Family trusts are less popular than they used to be.
There are various reasons for this. Tax benefits are more limited than they once were. Nor are trusts especially helpful in improving your eligibility for Government benefits that are means-tested (eg Residential Care Subsidies).
There have also been some overly broad interpretations of recent cases that have led to some clients believing (incorrectly, in my opinion) that properly established and maintained trusts are weaker than they used to be. A good example of this is Clayton v Clayton – this was a case decided based on very specific facts which are not widely applicable for most trust situations.
The costs of administering trusts have also risen. Although this is often attributed to new legislation coming into force this year (the Trusts Act 2019), I personally think of this Act as codifying much of what was already in place (via common law rather than statute). It has, however, been a convenient excuse for trustees who have woken up to the real responsibilities of acting properly as trustees, and either want to get out of these roles or want to start charging appropriate fees for taking on this responsibility.
As a result, I’ve seen quite a few people who have wound up their trust when they should have kept it – or who have been lucky to retain their trust, despite advice to the contrary.
Two recent examples:
- Relationship property protection. I recently had a client who had also received advice from a prominent person in the financial advice industry. Although this adviser was not a lawyer, they recommended that the client wind up their trust. The client was in a de facto relationship entered into long after she established the trust. Soon after, the relationship ended. If she’d wound up the trust, at the advice of this person, her assets would have been exposed to relationship property claims. Eek!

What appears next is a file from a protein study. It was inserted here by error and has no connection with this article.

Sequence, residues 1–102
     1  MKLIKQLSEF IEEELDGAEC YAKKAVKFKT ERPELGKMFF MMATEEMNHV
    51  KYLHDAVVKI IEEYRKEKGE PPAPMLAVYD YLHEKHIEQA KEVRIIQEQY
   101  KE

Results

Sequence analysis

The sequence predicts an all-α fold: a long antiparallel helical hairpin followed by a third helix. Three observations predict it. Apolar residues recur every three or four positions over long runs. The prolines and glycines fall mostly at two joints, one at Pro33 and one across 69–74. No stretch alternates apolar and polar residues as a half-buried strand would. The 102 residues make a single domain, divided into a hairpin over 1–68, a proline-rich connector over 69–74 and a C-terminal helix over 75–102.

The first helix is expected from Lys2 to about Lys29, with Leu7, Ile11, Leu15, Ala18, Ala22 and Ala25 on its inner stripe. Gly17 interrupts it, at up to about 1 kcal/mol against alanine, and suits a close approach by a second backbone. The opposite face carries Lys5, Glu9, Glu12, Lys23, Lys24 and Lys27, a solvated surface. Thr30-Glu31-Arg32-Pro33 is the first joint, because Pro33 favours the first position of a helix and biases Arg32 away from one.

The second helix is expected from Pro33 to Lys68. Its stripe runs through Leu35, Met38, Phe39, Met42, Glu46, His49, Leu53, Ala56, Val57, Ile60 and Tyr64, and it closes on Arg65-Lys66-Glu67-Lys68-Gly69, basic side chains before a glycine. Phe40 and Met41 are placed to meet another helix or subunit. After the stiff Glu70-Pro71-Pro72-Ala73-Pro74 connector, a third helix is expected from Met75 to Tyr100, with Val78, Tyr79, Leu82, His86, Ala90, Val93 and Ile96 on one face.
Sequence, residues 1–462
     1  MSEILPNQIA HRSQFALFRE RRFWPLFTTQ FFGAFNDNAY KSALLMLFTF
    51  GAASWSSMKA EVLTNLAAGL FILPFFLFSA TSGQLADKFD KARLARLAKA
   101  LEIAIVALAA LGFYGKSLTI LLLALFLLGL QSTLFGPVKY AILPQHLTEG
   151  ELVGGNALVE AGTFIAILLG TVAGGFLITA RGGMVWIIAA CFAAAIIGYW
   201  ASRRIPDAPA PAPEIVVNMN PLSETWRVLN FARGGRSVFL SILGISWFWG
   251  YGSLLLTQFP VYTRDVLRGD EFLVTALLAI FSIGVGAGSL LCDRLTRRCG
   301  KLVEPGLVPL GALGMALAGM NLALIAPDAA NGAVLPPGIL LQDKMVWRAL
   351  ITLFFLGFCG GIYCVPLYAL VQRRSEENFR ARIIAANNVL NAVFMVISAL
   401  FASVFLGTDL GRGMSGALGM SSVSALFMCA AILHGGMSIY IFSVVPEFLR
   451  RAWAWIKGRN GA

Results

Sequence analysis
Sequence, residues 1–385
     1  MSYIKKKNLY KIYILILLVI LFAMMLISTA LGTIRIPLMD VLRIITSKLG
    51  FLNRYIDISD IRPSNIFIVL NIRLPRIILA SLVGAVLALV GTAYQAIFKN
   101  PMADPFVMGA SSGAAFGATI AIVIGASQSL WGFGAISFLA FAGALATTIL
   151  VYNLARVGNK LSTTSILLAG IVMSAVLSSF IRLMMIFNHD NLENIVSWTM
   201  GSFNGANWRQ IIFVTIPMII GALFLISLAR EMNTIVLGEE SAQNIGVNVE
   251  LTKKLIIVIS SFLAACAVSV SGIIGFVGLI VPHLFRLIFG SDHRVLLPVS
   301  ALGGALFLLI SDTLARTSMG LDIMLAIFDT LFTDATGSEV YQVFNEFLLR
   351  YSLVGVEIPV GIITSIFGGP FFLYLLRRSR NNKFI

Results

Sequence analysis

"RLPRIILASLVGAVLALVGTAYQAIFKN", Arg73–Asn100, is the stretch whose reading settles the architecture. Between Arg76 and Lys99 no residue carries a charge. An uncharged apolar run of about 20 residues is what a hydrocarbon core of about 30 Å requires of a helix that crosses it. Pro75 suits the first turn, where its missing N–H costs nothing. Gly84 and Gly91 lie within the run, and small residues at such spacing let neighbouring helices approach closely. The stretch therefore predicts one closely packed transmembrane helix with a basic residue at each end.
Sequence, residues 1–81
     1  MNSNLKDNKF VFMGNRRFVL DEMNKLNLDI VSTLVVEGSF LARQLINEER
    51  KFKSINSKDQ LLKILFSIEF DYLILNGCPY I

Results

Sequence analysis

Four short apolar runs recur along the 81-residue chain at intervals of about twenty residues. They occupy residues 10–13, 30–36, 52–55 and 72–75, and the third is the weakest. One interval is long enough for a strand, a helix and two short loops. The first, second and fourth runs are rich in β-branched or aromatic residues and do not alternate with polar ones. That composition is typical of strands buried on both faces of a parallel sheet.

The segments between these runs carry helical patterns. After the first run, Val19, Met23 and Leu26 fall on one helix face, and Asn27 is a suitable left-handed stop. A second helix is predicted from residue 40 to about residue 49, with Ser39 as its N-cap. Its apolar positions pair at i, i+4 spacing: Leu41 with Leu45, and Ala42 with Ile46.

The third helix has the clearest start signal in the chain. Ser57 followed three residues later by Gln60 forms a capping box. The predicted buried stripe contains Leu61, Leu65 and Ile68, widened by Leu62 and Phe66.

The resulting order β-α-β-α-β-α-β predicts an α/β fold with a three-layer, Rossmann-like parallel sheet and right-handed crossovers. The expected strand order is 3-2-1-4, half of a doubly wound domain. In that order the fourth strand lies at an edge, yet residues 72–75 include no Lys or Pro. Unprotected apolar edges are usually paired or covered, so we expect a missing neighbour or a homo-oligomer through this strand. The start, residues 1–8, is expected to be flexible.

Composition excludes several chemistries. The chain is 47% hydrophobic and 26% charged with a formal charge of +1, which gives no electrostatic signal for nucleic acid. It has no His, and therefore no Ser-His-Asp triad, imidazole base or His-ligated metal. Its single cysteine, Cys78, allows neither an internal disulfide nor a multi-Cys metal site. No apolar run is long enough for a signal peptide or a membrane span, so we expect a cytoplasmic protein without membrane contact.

- Bright-line test implications. Just before working with me, some clients had wound up their family trust. One of the assets of the trust was a rental property. It should have been obvious at the time that there was a good chance that these clients would want to sell this rental property at some point in the near future, in light of their age, stage, and broader circumstances. Their lawyer had not pointed out that winding up the trust and resettling this property into their personal names would start the clock in relation to the bright line test – which had recently increased from 2 years to 5 years. Since going unconditional on selling the property, they’ve realised that they will have to pay quite a bit of tax on the proceeds. (It didn’t help that the property wasn’t given a value at the time of the resettlement, causing additional issues that these clients are still working through.)
Yes: the costs of trusts are higher than they used to be. And yes, some of the arguments in favour of trusts aren’t as strong. However:
- As I explain as a coda to this article, higher costs are arguably a good thing. It means professional trustees are taking this important role seriously, and that you’re more likely to get the actual benefits of the trust if you ever need them.
- The benefits that aren’t so strong (tax benefits, better access to Government benefits) have very rarely been the most compelling reasons to have a trust in the first place.
Trusts still provide some enormous benefits for the right types of people. Trusts can be tools for:
- Asset protection.
- Relationship property protection.
- Effective succession planning.
If someone tells you that you should wind up your trust, it might be appropriate to do so. Just give it some thought – and in particular, consider whether and to what extent benefits like asset and relationship property protection could still be applicable to your situation.
Coda: If you have a professional trustee – pay them!
Note: I am NOT interested in acting in a professional trustee capacity. I don’t have the interest, or the risk tolerance. I don’t act even act as trustee for close friends or family members. The comments below are not a self-interested sales spiel.